OEM Case Study: Microfluidic Drug Screening
With this case study, we present an OEM challenge faced by a client, and how Fluigent addressed it by supporting the development and providing knowledge for the fabrication of an instrument for automated microfluidic drug screening.
“Fluigent’s expertise enabled us to completely change the scale of our microfluidic protocols, from the Ph.D. student experiment to the fully automated and parallelized workflow available for anyone. In addition to accompanying us in this process with their ideas and multi-disciplinary skills, Fluigent’s support and responsiveness are first class!“Anonymous Customer
The challenge of turning a lab bench microfluidic system into a commercial device
The customer developed a lab bench microfluidic system for automated microfluidic drug screening on cells cultured on a microfluidic chip dedicated to research use. The system consisted of several components, including custom-made microfluidic cards, pressure source, pressure-based flow controllers, and microfluidic valves for automated fluidic handling and parallelization.
As this ground-breaking microfluidic system provides many benefits compared to existing laboratory automation, the group of researchers launched their own company to provide a solution based on their microfluidic system.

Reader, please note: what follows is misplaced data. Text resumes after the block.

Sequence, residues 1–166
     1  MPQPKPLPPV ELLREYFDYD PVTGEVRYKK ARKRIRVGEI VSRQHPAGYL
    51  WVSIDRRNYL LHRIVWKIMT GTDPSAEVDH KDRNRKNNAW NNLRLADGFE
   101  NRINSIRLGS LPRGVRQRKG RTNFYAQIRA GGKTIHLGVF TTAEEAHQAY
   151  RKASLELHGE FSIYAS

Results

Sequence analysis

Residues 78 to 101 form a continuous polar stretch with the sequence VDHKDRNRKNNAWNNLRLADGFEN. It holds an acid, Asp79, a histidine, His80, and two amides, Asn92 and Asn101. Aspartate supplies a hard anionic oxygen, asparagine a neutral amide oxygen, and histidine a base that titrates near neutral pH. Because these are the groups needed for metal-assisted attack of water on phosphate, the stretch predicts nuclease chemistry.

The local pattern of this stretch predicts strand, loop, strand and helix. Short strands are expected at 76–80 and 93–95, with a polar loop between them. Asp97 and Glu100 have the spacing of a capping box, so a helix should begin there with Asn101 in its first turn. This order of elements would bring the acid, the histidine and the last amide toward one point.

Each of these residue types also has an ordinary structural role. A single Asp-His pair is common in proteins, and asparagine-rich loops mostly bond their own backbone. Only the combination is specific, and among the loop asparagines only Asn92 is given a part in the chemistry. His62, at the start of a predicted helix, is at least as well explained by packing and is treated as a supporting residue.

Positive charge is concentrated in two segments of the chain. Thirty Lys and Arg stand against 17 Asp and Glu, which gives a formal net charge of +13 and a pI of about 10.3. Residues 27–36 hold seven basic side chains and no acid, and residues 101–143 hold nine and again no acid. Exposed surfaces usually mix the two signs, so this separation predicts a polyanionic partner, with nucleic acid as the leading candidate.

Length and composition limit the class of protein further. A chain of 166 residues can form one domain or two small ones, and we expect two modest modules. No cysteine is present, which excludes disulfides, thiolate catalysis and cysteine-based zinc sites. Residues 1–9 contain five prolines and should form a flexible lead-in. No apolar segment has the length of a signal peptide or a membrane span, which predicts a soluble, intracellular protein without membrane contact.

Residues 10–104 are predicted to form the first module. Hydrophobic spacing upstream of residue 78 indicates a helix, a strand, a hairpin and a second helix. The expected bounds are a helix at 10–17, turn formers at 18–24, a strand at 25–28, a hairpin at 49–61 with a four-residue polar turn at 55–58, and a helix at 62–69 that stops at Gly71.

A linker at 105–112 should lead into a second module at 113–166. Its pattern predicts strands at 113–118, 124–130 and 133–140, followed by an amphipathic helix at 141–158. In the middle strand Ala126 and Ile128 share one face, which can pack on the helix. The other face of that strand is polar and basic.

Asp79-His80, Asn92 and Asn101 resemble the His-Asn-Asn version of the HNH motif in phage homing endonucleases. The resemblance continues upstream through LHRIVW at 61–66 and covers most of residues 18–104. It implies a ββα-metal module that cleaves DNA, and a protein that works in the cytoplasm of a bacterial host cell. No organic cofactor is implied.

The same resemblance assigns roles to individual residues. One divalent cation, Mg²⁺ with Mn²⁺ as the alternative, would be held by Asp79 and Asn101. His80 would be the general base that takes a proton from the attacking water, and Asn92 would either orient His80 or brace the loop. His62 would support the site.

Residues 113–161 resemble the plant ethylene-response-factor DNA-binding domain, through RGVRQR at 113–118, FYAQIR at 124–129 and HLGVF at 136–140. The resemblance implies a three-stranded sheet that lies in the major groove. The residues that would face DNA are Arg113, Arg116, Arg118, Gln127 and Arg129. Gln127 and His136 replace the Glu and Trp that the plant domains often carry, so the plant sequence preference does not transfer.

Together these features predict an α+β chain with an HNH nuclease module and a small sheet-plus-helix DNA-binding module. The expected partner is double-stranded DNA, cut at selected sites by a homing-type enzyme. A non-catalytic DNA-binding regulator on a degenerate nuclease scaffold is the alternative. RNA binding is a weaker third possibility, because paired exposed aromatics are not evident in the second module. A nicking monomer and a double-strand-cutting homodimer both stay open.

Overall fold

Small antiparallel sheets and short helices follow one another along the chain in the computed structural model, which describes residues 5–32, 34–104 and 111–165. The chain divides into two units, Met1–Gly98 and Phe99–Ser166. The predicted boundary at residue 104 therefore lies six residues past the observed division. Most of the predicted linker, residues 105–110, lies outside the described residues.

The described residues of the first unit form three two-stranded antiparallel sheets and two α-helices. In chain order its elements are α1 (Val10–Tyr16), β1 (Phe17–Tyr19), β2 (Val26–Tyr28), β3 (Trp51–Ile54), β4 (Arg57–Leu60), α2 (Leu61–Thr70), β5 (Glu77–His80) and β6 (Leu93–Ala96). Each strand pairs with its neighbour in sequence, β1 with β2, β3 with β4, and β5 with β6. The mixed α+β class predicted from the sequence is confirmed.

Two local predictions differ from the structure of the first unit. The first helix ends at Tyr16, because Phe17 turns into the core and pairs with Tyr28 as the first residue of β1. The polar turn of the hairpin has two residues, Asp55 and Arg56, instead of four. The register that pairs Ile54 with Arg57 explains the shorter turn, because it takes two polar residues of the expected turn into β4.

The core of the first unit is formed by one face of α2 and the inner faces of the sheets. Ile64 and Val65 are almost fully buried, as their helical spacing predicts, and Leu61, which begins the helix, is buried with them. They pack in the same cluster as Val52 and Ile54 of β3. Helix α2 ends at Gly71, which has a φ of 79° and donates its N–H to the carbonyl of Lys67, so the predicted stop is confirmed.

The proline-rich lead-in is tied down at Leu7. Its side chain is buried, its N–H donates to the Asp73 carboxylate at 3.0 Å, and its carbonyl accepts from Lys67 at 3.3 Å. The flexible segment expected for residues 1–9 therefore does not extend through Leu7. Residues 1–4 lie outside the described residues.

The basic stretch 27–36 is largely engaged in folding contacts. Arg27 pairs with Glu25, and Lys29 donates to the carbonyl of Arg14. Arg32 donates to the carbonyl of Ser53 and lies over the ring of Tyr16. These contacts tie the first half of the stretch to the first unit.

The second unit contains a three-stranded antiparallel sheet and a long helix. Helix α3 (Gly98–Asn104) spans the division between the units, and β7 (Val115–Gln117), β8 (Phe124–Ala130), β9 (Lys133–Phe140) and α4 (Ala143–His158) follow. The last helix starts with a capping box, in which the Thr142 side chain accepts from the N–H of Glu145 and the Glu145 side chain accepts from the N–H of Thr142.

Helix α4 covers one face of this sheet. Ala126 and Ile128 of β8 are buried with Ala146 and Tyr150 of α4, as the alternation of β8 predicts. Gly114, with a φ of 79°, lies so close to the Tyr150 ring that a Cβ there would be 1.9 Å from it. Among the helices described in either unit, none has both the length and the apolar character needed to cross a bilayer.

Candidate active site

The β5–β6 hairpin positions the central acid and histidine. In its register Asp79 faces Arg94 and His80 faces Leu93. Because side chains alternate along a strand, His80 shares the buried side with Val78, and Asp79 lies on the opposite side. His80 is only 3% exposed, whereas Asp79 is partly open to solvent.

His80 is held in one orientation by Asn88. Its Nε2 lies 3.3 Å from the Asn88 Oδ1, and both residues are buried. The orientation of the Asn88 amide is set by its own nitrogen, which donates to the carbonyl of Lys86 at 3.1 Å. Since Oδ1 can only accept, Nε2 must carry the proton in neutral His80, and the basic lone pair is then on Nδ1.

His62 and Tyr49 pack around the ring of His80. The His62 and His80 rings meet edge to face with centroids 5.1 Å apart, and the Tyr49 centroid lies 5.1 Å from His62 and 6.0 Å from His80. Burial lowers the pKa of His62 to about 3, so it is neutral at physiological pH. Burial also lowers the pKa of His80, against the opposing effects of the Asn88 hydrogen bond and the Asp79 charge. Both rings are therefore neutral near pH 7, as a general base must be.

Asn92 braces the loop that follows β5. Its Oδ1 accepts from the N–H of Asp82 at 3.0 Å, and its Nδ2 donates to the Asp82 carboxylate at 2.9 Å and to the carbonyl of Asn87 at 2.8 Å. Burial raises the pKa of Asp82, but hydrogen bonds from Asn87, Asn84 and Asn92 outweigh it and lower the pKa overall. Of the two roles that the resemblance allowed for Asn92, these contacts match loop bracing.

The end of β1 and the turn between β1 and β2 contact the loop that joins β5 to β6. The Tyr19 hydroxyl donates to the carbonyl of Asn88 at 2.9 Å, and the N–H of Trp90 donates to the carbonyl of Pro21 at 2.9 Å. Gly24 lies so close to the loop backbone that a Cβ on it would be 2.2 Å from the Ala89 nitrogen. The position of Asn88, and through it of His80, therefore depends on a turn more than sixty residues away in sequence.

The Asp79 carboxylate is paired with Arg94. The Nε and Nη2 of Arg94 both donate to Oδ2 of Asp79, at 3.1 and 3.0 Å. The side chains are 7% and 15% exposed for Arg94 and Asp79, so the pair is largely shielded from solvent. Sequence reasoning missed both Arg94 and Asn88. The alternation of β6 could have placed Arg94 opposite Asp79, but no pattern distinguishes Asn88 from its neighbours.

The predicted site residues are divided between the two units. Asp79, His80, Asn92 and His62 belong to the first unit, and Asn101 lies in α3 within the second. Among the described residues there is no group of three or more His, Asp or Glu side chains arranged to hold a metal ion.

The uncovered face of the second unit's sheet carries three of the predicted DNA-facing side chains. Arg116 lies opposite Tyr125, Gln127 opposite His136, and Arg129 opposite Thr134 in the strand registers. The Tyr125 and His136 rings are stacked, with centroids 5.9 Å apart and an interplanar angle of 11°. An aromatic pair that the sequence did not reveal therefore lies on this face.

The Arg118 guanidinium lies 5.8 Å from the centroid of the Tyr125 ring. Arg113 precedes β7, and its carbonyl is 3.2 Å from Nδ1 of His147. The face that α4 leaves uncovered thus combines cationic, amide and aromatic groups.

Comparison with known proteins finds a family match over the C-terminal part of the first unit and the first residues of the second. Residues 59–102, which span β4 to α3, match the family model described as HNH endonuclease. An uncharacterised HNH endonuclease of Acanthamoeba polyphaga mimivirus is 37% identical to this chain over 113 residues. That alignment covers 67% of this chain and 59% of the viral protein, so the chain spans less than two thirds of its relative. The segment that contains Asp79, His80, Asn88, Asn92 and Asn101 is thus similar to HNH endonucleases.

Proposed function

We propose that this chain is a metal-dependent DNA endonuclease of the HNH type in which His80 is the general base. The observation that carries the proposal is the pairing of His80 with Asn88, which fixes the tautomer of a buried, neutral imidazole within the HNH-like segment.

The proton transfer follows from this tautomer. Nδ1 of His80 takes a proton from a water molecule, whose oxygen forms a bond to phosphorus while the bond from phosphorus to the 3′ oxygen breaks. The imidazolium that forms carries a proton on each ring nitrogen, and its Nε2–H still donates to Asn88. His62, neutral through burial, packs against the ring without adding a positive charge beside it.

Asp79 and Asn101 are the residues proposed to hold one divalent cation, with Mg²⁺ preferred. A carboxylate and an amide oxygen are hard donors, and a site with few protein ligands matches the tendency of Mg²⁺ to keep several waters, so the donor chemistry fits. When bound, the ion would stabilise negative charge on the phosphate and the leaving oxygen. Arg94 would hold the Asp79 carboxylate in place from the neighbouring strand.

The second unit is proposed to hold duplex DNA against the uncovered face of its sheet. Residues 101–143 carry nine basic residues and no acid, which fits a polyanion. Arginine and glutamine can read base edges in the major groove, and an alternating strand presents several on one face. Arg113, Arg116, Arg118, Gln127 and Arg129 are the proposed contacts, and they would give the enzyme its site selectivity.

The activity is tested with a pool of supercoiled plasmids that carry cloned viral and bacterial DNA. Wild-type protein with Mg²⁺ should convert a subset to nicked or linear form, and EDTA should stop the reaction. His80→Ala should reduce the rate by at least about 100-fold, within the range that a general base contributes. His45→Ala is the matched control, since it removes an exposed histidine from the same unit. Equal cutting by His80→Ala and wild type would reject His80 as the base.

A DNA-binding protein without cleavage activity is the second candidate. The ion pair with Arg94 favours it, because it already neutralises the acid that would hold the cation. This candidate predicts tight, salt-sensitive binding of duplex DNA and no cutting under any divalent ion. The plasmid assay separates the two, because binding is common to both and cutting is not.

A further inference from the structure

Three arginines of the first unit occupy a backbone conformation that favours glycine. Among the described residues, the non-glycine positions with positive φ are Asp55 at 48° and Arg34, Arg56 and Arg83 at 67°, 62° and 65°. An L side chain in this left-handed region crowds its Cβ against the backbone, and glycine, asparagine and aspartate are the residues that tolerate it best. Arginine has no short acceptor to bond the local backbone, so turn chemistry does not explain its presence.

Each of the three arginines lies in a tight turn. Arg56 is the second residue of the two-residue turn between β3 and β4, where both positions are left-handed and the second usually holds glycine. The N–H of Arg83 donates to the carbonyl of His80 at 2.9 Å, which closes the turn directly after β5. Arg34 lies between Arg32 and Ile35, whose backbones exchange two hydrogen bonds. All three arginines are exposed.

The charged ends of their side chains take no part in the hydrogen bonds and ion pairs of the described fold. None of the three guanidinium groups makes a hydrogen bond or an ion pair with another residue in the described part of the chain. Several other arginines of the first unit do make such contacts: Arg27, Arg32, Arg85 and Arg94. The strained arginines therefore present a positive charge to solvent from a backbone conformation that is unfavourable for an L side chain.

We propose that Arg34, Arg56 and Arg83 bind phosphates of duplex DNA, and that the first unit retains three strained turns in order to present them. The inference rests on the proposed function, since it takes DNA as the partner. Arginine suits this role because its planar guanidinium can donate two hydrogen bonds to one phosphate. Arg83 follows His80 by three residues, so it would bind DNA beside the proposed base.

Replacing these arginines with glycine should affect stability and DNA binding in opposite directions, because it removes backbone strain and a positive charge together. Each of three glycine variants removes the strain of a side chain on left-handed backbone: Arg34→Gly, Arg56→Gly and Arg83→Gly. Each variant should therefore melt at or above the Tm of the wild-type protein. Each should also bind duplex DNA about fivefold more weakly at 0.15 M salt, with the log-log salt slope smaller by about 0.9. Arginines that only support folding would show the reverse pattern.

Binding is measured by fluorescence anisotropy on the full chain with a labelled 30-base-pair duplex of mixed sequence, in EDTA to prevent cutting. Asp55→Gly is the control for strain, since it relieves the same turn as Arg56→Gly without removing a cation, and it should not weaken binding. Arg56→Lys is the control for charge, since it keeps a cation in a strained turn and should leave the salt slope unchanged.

The main challenge the group faced was to start from a multi-component lab bench system that is not suited for the industry (lengthy training, unoptimized process times, robustness, and a large footprint) and obtain a compact, user-friendly, and optimized device that is more user friendly with automation capabilities for microfluidic drug screening.
The group collaborated with Fluigent to design and build a custom system that meets their customers needs.
Fluigent expertise for industrializing your automated microfluidic solution
In collaboration with the client, Fluigent’s engineering team helped to create a compact, turnkey solution while meeting all bio-chemical specifications.
- Mechanical integration: Bubble formation is a known challenge in the microflow regime. Fluigent experts consider reliability risks when designing the fluidic architecture, for example, to minimize risks of bubble formation and allow the operator to focus fully on their application.
- Software integration: Integrating various components in a centrally controlled system comes with the challenges of operating multiple firmwares simultaneously. Fluigent software capabilities helped integrate non-fluidic components (optical instrumentation) to communicate with the machine control systems.
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